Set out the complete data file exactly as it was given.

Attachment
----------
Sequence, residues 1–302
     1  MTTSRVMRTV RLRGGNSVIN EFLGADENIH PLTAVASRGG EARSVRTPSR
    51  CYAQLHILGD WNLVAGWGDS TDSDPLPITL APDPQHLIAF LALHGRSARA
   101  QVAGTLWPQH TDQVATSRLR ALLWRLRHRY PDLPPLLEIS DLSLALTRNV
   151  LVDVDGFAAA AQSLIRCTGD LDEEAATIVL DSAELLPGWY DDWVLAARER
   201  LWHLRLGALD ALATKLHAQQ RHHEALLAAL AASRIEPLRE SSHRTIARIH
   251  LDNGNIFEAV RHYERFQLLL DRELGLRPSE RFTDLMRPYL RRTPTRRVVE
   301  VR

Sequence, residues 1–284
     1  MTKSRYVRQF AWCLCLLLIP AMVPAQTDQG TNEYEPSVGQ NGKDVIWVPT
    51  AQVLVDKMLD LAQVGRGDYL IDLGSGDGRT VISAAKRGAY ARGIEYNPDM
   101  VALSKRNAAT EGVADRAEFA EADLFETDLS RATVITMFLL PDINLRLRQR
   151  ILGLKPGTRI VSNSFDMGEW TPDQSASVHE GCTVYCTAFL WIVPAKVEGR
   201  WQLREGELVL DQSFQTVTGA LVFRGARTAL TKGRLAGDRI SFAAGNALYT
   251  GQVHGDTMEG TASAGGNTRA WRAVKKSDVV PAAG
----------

Sequence, residues 1–302
     1  MTTSRVMRTV RLRGGNSVIN EFLGADENIH PLTAVASRGG EARSVRTPSR
    51  CYAQLHILGD WNLVAGWGDS TDSDPLPITL APDPQHLIAF LALHGRSARA
   101  QVAGTLWPQH TDQVATSRLR ALLWRLRHRY PDLPPLLEIS DLSLALTRNV
   151  LVDVDGFAAA AQSLIRCTGD LDEEAATIVL DSAELLPGWY DDWVLAARER
   201  LWHLRLGALD ALATKLHAQQ RHHEALLAAL AASRIEPLRE SSHRTIARIH
   251  LDNGNIFEAV RHYERFQLLL DRELGLRPSE RFTDLMRPYL RRTPTRRVVE
   301  VR

Sequence, residues 1–284
     1  MTKSRYVRQF AWCLCLLLIP AMVPAQTDQG TNEYEPSVGQ NGKDVIWVPT
    51  AQVLVDKMLD LAQVGRGDYL IDLGSGDGRT VISAAKRGAY ARGIEYNPDM
   101  VALSKRNAAT EGVADRAEFA EADLFETDLS RATVITMFLL PDINLRLRQR
   151  ILGLKPGTRI VSNSFDMGEW TPDQSASVHE GCTVYCTAFL WIVPAKVEGR
   201  WQLREGELVL DQSFQTVTGA LVFRGARTAL TKGRLAGDRI SFAAGNALYT
   251  GQVHGDTMEG TASAGGNTRA WRAVKKSDVV PAAG